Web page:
The ADME area is very fascinating to me because it combines many of my skills and interests. You need to understand metabolism, food-drug interactions and drug-drug interactions to best simulate physiology. There are even more interesting technologies being developed now as we grow ADME into ADEMT by including toxicity. There’s a lot of creativity involved because it is not as regulated at this stage of discovery.
How did you develop the idea for your company?
At the end of my stay at a small drug discovery company called Surface Logix, (now Nano Terra), a few of us discussed starting a company. At the time it became clear to me that the industry lacked a contract research organization model that was discovery focused. The drug discovery world needed good communication, fast turn around time and accurate quality data. Many companies would set up ADME assays in-house out of desperation, but ideally would want to send the compounds out and quickly get back reliable ADME data. This option was just not available. That’s when the idea came up to start a company that would be responsive to drug discovery needs, offer efficient professional scientist-to-scientist communication, and deliver quality reliable data.
Academia doesn’t tend to train scientists in business skills. How did you learn the skills required to start your company?
I was lucky; I had a business partner with an MBA and 15+ years of marketing experience, which was extremely important. Doug Bates was instrumental to growing Apredica and developing our business model. I see a lot of companies being discussed by scientists because all scientists have ideas, but whether they actually do it or not is another story. I really recommend getting someone who knows how to start a business, or who has done it before. When we started we had $250,000 from friends and family and that basically allowed us to buy a few pieces of equipment. We had two months’ runway. We would have either blown through $250K to find that the idea would not work, or have made it. We made it work. I met our first clients at networking events in the Cambridge area such as the MIT Enterprise Forum.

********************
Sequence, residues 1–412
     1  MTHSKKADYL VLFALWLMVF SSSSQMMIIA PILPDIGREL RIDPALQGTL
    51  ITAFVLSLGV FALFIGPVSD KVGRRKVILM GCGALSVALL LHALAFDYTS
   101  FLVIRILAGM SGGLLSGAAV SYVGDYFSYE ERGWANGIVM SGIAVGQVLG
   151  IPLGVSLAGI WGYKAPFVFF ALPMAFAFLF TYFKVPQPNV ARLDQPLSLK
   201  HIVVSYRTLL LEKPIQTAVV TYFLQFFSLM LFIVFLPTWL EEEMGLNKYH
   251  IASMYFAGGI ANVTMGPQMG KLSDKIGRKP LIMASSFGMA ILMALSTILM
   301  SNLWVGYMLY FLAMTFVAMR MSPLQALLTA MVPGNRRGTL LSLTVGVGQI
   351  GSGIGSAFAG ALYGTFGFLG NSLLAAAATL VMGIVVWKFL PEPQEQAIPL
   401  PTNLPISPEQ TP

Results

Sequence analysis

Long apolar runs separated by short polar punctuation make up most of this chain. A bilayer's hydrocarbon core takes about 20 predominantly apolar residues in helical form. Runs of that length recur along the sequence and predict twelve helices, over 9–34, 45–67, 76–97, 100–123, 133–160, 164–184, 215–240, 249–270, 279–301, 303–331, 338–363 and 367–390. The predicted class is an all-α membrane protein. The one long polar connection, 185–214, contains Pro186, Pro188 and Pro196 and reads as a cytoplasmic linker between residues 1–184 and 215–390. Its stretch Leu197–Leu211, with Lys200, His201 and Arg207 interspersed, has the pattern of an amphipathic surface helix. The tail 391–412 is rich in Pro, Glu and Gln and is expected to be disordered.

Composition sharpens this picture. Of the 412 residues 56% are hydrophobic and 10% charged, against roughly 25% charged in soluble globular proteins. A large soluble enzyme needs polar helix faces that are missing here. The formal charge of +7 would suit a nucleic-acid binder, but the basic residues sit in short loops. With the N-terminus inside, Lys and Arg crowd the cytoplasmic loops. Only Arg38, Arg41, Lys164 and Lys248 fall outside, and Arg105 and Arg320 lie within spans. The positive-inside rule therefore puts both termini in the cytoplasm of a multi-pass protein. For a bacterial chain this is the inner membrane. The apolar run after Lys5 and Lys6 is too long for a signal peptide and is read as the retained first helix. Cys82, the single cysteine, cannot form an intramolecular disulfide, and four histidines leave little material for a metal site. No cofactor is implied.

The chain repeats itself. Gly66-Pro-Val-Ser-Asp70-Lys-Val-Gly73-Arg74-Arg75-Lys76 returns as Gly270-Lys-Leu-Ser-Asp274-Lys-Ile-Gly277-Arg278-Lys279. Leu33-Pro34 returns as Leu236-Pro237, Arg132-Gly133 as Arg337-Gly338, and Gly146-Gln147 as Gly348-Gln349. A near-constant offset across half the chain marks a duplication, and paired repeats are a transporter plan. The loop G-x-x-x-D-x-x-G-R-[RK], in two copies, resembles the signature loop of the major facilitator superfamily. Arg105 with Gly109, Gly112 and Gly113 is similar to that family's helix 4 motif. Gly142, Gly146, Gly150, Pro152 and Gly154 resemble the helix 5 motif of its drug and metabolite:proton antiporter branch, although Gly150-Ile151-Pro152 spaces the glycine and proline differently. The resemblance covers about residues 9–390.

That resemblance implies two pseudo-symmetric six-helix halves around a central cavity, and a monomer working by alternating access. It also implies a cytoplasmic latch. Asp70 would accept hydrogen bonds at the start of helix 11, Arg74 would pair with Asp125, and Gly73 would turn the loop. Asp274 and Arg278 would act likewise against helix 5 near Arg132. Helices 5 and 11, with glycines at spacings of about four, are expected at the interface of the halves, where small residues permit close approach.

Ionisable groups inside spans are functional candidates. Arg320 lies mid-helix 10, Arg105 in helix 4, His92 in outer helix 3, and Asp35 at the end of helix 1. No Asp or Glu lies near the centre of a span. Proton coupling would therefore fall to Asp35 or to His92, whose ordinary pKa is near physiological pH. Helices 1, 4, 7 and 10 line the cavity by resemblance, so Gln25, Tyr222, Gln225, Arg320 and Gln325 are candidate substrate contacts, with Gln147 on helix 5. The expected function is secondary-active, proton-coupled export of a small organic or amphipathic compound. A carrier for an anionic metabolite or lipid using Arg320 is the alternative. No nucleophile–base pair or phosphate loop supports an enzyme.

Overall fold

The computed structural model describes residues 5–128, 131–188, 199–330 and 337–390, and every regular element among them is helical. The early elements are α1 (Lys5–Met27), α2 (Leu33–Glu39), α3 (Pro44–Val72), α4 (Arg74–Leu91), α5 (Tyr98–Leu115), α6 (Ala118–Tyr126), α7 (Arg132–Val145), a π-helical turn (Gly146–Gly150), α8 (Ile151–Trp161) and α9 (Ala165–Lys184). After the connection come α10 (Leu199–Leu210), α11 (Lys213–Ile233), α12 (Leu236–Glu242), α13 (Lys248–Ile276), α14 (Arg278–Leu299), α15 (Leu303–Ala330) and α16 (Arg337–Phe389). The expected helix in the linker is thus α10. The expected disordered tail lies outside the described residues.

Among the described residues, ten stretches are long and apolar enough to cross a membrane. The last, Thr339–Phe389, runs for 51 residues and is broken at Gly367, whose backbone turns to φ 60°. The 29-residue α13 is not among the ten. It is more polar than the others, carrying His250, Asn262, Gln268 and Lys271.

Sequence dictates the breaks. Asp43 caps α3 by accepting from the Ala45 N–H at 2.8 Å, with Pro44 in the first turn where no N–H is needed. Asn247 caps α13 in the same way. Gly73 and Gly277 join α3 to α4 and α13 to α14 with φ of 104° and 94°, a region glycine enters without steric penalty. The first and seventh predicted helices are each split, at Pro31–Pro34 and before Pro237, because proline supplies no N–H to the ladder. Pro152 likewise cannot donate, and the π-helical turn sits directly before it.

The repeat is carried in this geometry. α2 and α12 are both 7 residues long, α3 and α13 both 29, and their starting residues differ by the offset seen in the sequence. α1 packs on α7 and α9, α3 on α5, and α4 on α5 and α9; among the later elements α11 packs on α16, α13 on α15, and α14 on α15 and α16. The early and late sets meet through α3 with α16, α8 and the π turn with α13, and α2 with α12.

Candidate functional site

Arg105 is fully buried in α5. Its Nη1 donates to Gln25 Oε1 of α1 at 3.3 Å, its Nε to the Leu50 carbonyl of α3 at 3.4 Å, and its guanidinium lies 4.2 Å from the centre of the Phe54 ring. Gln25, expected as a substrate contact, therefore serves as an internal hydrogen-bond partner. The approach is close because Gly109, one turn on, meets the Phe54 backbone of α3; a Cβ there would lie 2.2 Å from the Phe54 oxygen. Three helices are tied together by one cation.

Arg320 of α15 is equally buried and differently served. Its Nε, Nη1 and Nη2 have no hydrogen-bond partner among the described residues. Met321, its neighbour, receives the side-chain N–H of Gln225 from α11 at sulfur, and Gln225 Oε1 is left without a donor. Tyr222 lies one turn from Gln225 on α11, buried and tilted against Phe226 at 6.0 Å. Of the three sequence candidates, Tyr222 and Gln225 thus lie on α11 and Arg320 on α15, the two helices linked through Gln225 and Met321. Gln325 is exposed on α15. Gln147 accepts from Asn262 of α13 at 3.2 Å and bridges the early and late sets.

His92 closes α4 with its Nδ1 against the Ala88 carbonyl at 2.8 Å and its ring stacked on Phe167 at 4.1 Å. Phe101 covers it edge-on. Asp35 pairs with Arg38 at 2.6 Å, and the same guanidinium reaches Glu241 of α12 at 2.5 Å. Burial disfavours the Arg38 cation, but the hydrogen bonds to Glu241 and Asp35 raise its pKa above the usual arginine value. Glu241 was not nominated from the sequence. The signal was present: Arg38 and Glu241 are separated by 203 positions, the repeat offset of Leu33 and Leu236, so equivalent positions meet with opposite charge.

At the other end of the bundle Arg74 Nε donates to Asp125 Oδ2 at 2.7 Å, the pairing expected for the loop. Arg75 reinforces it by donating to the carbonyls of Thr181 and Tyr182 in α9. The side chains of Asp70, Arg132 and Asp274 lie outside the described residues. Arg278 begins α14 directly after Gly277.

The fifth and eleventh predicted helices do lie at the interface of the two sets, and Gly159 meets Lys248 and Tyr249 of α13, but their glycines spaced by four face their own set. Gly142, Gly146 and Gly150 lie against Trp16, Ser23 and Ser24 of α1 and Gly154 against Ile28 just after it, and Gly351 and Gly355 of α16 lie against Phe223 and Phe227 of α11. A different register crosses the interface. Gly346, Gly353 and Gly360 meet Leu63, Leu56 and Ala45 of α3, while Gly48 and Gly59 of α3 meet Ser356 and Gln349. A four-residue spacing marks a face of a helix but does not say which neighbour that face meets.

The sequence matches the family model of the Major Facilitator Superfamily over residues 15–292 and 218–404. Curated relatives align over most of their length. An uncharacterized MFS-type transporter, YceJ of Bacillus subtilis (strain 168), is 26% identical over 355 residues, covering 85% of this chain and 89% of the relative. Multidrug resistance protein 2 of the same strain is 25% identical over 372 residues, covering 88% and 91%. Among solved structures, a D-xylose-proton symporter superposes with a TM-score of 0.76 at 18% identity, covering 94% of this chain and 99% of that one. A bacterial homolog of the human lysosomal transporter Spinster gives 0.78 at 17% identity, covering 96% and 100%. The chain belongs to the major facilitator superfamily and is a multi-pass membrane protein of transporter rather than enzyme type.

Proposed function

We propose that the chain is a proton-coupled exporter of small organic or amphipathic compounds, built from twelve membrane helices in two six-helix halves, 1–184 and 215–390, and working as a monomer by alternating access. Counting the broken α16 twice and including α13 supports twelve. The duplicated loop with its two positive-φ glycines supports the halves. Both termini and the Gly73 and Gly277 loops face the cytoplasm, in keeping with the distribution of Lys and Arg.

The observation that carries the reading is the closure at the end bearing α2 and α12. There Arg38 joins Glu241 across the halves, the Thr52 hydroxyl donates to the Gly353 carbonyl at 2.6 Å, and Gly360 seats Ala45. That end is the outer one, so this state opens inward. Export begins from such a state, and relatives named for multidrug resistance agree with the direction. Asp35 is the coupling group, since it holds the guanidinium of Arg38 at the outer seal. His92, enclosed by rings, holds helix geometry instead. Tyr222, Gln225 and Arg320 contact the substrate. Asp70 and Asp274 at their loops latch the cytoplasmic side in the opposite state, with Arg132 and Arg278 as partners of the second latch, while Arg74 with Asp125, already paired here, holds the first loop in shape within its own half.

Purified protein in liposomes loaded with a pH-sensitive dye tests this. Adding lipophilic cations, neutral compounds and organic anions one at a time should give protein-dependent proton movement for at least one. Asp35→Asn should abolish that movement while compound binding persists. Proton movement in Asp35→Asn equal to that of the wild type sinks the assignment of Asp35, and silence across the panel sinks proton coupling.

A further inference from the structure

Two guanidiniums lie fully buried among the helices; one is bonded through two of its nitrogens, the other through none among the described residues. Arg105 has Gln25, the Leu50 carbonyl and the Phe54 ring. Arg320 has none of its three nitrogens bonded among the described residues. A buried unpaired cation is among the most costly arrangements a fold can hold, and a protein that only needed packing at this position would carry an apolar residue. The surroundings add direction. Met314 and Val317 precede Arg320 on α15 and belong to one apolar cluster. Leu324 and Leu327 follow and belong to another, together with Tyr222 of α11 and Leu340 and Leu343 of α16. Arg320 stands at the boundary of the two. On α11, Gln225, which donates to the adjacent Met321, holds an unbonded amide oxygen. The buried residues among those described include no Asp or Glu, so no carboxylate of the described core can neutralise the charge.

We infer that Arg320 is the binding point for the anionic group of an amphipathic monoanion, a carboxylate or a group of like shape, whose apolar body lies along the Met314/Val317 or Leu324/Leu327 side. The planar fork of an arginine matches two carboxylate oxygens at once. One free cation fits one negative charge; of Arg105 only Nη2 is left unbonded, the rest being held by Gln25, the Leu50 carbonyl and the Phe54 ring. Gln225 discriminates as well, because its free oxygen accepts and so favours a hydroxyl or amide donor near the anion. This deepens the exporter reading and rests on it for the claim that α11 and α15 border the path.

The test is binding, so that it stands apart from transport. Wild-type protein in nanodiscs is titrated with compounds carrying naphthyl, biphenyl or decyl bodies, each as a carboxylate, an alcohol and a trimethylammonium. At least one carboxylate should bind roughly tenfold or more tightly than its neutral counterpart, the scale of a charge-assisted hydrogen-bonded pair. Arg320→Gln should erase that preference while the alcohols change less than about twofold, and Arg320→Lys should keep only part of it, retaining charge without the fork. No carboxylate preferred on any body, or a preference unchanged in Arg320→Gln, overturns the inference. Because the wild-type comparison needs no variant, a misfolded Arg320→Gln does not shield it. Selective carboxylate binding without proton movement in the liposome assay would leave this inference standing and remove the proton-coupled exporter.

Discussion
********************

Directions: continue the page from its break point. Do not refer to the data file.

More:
What is a typical day like?
There is no typical day! Apredica was recently acquired by a publicly listed UK company called Cyprotex, so my role has significantly changed. Now I’m the director of a public company so there is a lot of reporting that I need to do to the board and investors. In Apredica, I initially used to do everything, from business development to running the assays and writing reports to clients. Now I try to keep myself focused on science, making sure that we are staying on the cutting edge, but off the bleeding edge. We’re constantly evaluating new technologies that have some validation and proof of principle that would be useful for our clients.
What kind of advice do you have for Friedman students who might be interested in exploring industry?
Go to meetings and stop by the booths of companies to engage in scientific discussion. Try to get an internship in a small company because you will learn a lot because everyone wears many hats. It can be exhausting but definitely never boring.
If you were to sum it up, what would you say drives you?
I’ve always been a big picture person. If you see a construction site and ask one construction worker what he is doing, he says “I’m putting this brick on top of that brick,” then another one says “I’m building a cathedral.” I’ve always wanted to know the big picture and understand how to contribute to making things happen faster and better.
Dr. Katya Tsaioun graduated from her PhD at Friedman in 1999.
*This interview has been edited and condensed.
Lara Park is a PhD student in the Biochemical and Molecular Nutrition program working in nutritional epigenetics with Dr. Sang-Woon Choi. Her thesis work is investigating how genome wide epigenetic patterns change with aging and whether a Western-style diet or calorie restricted diet can modify these patterns. Outside of the science world, Lara dances with Urbanity Dance, a Boston-based contemporary dance company.